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6 things we can learn from African peace activists about movement building

Tobias Wellner shares six things he has learnt from African colleagues about building and sustaining movements for change.

Turning the Tide peace activists in Kenya during elections.
Turning the Tide peace activists in Kenya during elections.

What do we need to build a movement for social change? It's a question we should all ask ourselves if we are going to create the kind of society we wish to see. It's also something that African colleagues consider on a daily basis as they support local communities to take action for social change.

Turning the Tide (TTT) East Africa is a project set up by Quakers in Kenya and Britain that connects both social justice campaigning and peacebuilding. It currently works in Kenya, Rwanda and Burundi to equip and support communities to address underlying causes of violence.

Turning the Tide activists are well connected with the communities they work with and sometimes support mediation between different conflict parties, including recently around elections in Kenya.

Over the years, TTT East Africa has supported some very different campaigns. This is because local communities choose what they want to work on, based on their analysis of what is causing conflicts. Campaigners often work in very difficult conditions and there is a lot that we in Britain can learn from our African colleagues. With this in mind, I asked them: “What do you need to build a movement for social change?" Here's what they said:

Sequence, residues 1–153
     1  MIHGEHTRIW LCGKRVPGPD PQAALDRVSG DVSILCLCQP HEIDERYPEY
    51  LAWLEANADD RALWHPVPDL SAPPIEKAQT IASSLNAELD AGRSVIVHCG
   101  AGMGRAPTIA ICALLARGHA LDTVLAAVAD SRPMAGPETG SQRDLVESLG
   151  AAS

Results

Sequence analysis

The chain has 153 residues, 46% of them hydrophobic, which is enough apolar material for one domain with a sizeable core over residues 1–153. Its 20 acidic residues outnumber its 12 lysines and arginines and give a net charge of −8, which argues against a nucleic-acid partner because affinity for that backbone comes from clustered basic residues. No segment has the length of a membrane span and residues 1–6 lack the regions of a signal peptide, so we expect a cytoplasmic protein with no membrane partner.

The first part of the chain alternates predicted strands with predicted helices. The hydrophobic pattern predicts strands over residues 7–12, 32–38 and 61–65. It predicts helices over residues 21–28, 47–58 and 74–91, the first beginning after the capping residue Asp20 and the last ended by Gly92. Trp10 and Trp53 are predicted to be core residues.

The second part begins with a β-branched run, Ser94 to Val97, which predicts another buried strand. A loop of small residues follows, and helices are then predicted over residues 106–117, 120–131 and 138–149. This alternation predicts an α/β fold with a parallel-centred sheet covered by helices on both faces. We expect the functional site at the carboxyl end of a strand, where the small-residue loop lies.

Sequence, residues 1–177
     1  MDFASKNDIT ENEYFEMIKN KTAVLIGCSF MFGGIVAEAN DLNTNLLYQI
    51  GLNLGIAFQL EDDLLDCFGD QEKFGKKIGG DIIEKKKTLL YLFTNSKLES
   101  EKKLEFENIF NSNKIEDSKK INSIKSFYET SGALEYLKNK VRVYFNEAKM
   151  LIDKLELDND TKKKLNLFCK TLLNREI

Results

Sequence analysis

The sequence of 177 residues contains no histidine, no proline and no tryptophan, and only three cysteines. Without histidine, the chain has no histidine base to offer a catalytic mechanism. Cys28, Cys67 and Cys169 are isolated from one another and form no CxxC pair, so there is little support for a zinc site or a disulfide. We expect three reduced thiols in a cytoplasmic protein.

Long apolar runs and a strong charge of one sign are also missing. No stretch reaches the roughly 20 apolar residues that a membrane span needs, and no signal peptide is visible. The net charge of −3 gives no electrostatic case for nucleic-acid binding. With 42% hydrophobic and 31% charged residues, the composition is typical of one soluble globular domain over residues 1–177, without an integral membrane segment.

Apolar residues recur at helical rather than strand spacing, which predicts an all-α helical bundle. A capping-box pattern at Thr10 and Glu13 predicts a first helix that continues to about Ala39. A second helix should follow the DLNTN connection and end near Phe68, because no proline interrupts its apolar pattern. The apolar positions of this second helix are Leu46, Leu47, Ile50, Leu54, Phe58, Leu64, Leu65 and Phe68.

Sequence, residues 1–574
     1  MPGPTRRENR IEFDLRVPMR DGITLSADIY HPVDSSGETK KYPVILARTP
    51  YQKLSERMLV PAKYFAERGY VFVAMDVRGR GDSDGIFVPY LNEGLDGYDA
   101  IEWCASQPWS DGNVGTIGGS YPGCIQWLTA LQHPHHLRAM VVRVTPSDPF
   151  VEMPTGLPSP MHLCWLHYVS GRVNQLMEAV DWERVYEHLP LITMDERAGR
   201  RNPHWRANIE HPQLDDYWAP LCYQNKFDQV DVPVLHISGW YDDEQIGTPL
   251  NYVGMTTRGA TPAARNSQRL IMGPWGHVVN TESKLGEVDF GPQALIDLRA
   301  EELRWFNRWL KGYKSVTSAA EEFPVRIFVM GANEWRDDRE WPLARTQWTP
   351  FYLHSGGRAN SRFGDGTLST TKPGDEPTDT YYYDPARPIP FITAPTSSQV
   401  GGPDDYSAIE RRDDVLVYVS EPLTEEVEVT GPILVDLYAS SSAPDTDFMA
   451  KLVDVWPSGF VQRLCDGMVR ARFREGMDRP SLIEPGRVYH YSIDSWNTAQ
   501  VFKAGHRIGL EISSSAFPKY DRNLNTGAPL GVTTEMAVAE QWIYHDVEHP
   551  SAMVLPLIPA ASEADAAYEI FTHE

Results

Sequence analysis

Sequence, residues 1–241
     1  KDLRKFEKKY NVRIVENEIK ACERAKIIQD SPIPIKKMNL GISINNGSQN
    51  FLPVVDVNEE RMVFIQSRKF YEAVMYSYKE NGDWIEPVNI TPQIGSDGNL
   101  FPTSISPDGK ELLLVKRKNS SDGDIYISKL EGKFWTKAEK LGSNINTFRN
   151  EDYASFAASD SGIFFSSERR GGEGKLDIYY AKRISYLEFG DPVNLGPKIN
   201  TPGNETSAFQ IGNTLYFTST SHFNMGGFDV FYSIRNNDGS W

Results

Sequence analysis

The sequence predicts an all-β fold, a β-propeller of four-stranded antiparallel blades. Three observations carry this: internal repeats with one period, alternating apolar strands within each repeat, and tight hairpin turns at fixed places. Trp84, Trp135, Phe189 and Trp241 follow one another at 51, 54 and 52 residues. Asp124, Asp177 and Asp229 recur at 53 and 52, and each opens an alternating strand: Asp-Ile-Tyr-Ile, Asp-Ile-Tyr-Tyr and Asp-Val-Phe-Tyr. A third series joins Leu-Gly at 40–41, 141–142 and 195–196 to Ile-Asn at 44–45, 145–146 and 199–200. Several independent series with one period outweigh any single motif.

1. Your heart has to be in it

The first thing that my African colleagues mentioned was that your heart has to be with it.

TTT activists in East Africa are not all Quakers. They come from different ethnic groups and religions, but they all agree on this: change starts with yourself. It's important to challenge yourself before you challenge others. Having your heart in this work helps with commitment and assists you with the inevitable challenges which emerge.

The Turning the Tide training looks at power, violence and change. One woman spoke movingly about how understanding violence better had changed her behaviour towards a family member.

2. Analyse the context you work in

The second thing they mentioned was the importance of analysing the context you work in.

Who is your ally? Who is against you and why? What might the risks be? Activists often use the social speedometer with campaigners. It is a TTT tool that has really helped people plan their campaigns.

Social speedometer – graph shows a spectrum to map conflict actors on to: very unsympathetic-unsympathetic-mildly unsympathetic-neutral-mildly sympathetic-sympathetic-very sympathetic

After you map all the actors (groups or individuals with an interest in the outcome), you put them on the graph and discuss whether the actor is sympathetic to your campaign or not. Then you can choose which groups you need to target first.

'Understand before you act' is one of their main principles.

3. Work as part of a team

This sounds like a standard thing, but it is really important to spend time identifying, appreciating and using the different skills of each team member.

Every team member needs to feel like they are making a contribution. The stronger the team, the stronger the campaign!

4. Urge others to act

This is about following up with action plans.

A campaign or movement is frequently made up of a core group of people. They cannot act alone, but it's often this core that urges others to act. Being confident in what you're asking for and following through with plans can help others to join.

5. Start small and work your way up

Solve small issues first and then work towards the bigger problem. Break your campaign goal into smaller pieces, making it more achievable.

And don't forget to embrace, celebrate and reflect on your campaign victories as you go along. This will keep the movement's moral up!

6. The plan is to change the plan

Strategic planning is a huge part of the work of TTT East Africa. But campaigners need to remain highly flexible. Contexts are constantly changing and they may need to re-adjust their plans to successfully meet new circumstances. It is important that the whole team is prepared for this flexibility.

My personal favourite? It's not on this list but it's present every day as I work with my African colleagues – inspire others to peace.

Download the toolkit for action